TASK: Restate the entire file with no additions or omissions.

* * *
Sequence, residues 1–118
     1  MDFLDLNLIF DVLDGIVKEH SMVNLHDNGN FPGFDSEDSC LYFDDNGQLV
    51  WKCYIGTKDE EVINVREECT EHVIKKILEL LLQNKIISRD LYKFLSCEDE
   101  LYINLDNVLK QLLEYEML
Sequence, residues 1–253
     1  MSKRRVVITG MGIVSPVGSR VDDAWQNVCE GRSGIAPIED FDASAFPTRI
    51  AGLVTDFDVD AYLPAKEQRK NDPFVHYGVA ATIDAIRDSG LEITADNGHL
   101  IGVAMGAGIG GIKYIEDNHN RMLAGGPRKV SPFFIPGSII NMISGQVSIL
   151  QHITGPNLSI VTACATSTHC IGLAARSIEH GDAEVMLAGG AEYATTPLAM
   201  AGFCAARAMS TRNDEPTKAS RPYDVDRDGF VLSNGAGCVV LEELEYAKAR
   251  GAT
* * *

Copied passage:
Sequence, residues 1–118
     1  MDFLDLNLIF DVLDGIVKEH SMVNLHDNGN FPGFDSEDSC LYFDDNGQLV
    51  WKCYIGTKDE EVINVREECT EHVIKKILEL LLQNKIISRD LYKFLSCEDE
   101  LYINLDNVLK QLLEYEML
Sequence, residues 1–253
     1  MSKRRVVITG MGIVSPVGSR VDDAWQNVCE GRSGIAPIED FDASAFPTRI
    51  AGLVTDFDVD AYLPAKEQRK NDPFVHYGVA ATIDAIRDSG LEITADNGHL
   101  IGVAMGAGIG GIKYIEDNHN RMLAGGPRKV SPFFIPGSII NMISGQVSIL
   151  QHITGPNLSI VTACATSTHC IGLAARSIEH GDAEVMLAGG AEYATTPLAM
   201  AGFCAARAMS TRNDEPTKAS RPYDVDRDGF VLSNGAGCVV LEELEYAKAR
   251  GAT